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Ken Buesseler checking a CTD sampler to collect data at Fukushima coast. (Photo: Ken Kostel, WHOI)

Fish caught off Fukushima still show high levels of radiation

Click on the flag for more information about Japan JAPAN
Friday, October 26, 2012, 23:30 (GMT + 9)

Many fish caught off the coast of Fukushima are still showing high levels of radioactive cesium. This indicates that, since the catastrophic earthquake and tsunami that caused the nuclear disaster on 11 March 2011, the seafloor or leakage from the damaged reactors must still be contaminating the area – something that could affect fisheries for decades, a researcher warned.

According to data collected by Japan's Ministry of Agriculture, Fisheries and Forestry (MAFF), 40 per cent of bottom-dwelling fish such as cod, flounder and halibut are above the limit of cesium-134 and cesium-137, Ken Buesseler, a marine chemist at the Woods Hole Oceanographic Institution (WHOI) in Massachusetts informed in an article published this week in the journal Science.

Buesseler looked at a year’s worth of the government’s data and found that the levels of contamination in almost all kinds of fish are still not falling, BBC reports.

"The (radioactivity) numbers aren't going down. Oceans usually cause the concentrations to decrease if the spigot is turned off," Buesseler clarified, The Associated Press reports. "There has to be somewhere they're picking up the cesium."

Fish monitoring data from the Japanese Ministry of Agriculture, Forestry and Fisheries (MAFF) showed the change in total cesium (137Cs + 134Cs in Bequerels per kilogram) in bottom-dwelling (demersal) fish from the five prefectures in East Japan closest to the Fukushima Dai-ichi nuclear power plant (left plot). It also revealed differences in total cesium for five different fish types. (Image: Jack Cook, Woods Hole Oceanographic Institution)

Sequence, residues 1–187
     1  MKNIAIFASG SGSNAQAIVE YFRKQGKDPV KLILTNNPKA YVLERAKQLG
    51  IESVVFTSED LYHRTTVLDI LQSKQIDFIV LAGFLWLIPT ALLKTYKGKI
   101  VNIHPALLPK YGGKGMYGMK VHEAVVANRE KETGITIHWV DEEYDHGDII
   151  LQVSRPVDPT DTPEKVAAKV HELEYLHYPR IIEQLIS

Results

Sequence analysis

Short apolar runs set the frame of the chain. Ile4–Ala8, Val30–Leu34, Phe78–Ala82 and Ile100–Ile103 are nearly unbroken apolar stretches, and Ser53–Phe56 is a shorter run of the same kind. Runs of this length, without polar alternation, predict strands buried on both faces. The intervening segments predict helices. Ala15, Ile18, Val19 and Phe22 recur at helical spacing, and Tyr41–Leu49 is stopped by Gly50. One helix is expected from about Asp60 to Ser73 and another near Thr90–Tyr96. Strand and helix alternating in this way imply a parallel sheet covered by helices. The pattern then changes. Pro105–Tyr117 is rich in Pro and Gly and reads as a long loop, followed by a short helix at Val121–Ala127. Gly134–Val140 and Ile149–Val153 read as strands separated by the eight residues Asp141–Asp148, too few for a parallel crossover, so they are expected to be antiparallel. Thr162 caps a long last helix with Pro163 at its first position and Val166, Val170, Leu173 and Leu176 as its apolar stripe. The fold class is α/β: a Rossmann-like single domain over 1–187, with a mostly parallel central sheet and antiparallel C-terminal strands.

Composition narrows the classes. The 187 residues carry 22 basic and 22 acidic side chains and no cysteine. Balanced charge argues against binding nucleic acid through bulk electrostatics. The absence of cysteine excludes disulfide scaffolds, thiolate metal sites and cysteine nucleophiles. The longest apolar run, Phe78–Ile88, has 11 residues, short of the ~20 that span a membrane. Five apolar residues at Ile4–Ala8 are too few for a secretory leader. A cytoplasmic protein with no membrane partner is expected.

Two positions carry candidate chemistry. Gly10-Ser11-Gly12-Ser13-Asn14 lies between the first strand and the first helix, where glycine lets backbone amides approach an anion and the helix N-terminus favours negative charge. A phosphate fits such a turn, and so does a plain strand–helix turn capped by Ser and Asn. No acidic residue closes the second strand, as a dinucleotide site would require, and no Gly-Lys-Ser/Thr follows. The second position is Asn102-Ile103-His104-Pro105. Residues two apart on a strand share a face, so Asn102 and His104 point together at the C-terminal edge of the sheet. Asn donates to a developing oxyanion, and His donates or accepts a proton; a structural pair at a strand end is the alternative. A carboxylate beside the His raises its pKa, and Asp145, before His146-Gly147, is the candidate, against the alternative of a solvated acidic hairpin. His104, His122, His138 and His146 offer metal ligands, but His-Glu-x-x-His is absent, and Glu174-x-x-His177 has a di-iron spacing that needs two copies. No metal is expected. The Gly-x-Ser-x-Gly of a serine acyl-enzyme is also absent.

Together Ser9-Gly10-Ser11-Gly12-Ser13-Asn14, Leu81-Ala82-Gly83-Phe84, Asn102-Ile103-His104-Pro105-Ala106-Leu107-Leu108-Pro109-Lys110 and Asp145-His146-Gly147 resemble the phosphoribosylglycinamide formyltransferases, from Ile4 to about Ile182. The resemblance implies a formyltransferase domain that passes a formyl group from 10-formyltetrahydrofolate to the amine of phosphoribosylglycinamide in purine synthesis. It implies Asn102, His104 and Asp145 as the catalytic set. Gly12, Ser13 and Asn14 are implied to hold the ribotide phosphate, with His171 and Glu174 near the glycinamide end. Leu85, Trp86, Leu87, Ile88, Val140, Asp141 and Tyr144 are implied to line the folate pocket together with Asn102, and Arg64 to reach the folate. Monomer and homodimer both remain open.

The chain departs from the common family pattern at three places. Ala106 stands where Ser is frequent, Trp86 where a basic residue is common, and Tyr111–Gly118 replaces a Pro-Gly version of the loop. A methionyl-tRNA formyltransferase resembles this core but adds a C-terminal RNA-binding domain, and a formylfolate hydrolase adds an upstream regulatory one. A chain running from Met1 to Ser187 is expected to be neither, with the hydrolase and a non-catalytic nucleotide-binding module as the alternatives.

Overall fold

"Option one is the seafloor is the source of the continued contamination. The other source could be the reactors themselves," he said.

Most fish and seafood from along the Fukushima coast are banned from the domestic market and export. Although in June, authorities lifted bans on octopus and sea snails that showed very low levels of radiation, the most contaminated fish were caught in August 2012 -- the two greenlings, which are bottom-feeders, had cesium levels of more than 25,000 Bq per kg, 250 times the level the Japanese Government considers safe.

A government fisheries official, Chikara Takase, at that point said that the high numbers were detected only in certain kinds of fish sampled in the restricted waters closest to the nuclear plant.

Plant operator Tokyo Electric Power Co admitted that some radioactive water used to cool the Fukushima reactors leaked into the ocean, most recently last April.

"Given the 30-year half-life of cesium-137, this means that even if these sources (of contamination) were to be shut off completely, the sediments would remain contaminated for decades to come," Buesseler wrote.

Hideo Yamazaki, a marine biologist at Kinki University, also thinks that the cesium is leaking from the plant and that it will contaminate seafood for more than 10 years. He believes the plant will continue to leak until cracks and other damage are repaired, and it remains unclear how and when that work will be completed, as radiation levels in the reactors are too high for humans and robots.

Buesseler said predicting patterns of contamination requires careful study of the ocean waters and sediments to determine how quickly the ecosystem will recover.

Related article:

Fish caught off Fukushima exceeds cesium legal limit

By Natalia Real



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